The First Congregational Church was first established in Ridgefield, Connecticut just four years after the establishment of the town. Civic leaders in October 1712 successfully petitioned the Connecticut General Assembly for permission to levy a tax for “the settling and maintaining of the ministry in the said Town of Ridgefield.” Rev. Thomas Hauley, the first minister, also served as town clerk and school teacher. The first meeting house, on the town green, opened for worship in 1726. Plans for a new meeting house were drawn up in 1771 to fit a growing population, but construction was not complete until 1800. The second church was built in a more traditional style with a steeple. With a shift in the towns demographic from rural homeowners to ritzy exurb to New York City, a more suitable church was required by the end of the 19th century. Josiah Cleaveland Cady, one of the many great New York architects at the time was hired to design a new church suitable for the wealthy New Yorkers who summered in town to consider a neighbor, and he did not disappoint! The building blends many styles from Queen Anne, to Victorian Gothic, to Romanesque Revival in a way that isn’t clunky as in some other versions.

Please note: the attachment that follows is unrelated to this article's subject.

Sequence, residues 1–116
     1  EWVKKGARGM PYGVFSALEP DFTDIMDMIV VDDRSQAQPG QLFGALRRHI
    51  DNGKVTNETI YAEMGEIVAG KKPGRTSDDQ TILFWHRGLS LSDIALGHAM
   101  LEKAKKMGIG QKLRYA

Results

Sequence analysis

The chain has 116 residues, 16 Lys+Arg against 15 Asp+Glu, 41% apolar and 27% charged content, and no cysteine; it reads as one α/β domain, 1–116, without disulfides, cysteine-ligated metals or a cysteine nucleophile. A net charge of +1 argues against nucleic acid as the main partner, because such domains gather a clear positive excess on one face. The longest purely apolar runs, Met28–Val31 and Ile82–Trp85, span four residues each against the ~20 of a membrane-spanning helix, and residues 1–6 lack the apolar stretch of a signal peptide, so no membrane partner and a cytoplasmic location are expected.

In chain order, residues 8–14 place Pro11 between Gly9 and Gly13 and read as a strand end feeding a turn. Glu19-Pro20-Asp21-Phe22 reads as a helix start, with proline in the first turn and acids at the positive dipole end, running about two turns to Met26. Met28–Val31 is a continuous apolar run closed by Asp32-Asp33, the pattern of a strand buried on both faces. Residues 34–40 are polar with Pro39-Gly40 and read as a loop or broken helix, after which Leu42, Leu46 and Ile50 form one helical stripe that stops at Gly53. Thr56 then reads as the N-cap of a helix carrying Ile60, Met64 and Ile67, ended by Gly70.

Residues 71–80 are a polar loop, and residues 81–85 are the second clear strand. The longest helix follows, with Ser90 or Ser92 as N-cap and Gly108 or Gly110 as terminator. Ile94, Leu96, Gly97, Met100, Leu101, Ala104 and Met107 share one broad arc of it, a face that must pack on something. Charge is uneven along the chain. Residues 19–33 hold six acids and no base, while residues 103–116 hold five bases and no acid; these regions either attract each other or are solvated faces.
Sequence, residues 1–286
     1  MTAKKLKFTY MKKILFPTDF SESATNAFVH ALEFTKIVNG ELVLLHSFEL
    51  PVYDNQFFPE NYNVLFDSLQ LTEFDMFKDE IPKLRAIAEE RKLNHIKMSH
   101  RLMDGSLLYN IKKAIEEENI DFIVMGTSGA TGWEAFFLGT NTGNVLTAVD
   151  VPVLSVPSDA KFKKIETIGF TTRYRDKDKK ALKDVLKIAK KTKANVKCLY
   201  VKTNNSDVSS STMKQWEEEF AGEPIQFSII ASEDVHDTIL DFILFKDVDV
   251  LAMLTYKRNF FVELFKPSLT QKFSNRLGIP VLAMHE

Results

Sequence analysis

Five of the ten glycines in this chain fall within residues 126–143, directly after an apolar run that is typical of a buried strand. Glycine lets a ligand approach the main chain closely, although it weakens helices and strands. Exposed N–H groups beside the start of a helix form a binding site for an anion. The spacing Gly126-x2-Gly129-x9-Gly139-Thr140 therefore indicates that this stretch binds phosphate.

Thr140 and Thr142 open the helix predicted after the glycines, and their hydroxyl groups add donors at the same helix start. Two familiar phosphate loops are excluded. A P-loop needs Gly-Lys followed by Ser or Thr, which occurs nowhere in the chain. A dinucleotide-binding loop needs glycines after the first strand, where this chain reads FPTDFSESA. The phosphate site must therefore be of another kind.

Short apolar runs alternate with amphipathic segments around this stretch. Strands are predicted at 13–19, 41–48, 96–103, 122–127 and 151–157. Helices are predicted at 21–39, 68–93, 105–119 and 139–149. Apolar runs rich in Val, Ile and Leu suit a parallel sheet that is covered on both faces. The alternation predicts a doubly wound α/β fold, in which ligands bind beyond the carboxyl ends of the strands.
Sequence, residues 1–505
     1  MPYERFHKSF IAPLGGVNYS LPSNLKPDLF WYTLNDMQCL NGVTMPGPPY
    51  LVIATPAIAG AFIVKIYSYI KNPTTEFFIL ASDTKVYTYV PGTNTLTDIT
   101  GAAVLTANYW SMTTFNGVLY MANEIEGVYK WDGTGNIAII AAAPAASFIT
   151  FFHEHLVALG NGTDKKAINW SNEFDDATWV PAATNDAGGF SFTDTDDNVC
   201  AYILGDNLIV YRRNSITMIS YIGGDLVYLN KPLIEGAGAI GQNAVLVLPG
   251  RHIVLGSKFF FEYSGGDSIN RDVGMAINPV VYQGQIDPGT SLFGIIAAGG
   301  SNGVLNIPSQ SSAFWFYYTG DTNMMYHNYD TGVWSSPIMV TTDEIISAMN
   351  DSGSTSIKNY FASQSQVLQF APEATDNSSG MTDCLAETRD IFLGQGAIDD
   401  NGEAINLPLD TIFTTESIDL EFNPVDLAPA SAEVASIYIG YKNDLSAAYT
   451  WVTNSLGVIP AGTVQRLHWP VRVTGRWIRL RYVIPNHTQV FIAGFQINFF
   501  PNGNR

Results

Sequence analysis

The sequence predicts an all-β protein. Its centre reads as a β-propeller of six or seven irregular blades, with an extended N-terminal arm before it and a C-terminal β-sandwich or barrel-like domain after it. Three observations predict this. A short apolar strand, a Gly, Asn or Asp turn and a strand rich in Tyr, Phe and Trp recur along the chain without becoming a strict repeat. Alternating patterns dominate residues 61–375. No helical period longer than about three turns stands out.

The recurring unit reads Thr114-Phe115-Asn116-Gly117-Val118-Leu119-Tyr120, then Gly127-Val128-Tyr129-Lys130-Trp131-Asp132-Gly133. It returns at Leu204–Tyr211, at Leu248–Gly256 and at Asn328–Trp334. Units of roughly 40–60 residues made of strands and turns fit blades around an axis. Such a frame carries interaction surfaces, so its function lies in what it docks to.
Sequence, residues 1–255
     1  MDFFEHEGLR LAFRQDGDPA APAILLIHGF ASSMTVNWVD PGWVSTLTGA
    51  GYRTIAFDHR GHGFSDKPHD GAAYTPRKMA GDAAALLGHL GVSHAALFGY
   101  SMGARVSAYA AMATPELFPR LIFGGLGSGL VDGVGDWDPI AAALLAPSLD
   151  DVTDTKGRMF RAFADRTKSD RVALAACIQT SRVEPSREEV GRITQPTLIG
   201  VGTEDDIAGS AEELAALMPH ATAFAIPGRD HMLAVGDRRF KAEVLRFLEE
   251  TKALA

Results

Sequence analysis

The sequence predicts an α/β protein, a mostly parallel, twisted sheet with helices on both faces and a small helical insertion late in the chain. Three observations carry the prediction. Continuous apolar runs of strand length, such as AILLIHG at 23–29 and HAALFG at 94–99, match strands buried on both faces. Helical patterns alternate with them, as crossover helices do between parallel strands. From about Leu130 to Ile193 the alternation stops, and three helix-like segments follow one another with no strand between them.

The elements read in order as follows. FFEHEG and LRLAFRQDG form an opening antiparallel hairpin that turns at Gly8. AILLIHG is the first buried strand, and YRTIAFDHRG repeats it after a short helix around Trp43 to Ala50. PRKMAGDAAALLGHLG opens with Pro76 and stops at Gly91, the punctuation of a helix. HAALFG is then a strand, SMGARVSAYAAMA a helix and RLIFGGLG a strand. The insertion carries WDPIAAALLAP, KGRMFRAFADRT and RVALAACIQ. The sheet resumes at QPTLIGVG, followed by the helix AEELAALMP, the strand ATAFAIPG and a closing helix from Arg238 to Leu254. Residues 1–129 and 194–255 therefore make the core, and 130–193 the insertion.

The First Church Congregational in Fairfield, Connecticut is the sixth church to occupy this site! The first structure was built in 1640, and the current building was constructed in 1892. The third version of the church was burned by the British in 1779, while the fourth “meeting house” took nearly 42 years to finish and was partially funded by the sales of properties which formerly belonged to Tory sympathizers. The Romanesque Revival church was designed by architect J. Cleaveland Cady, who is best known for his design of the south entrance of the American Museum of Natural History on the Upper West Side of Manhattan.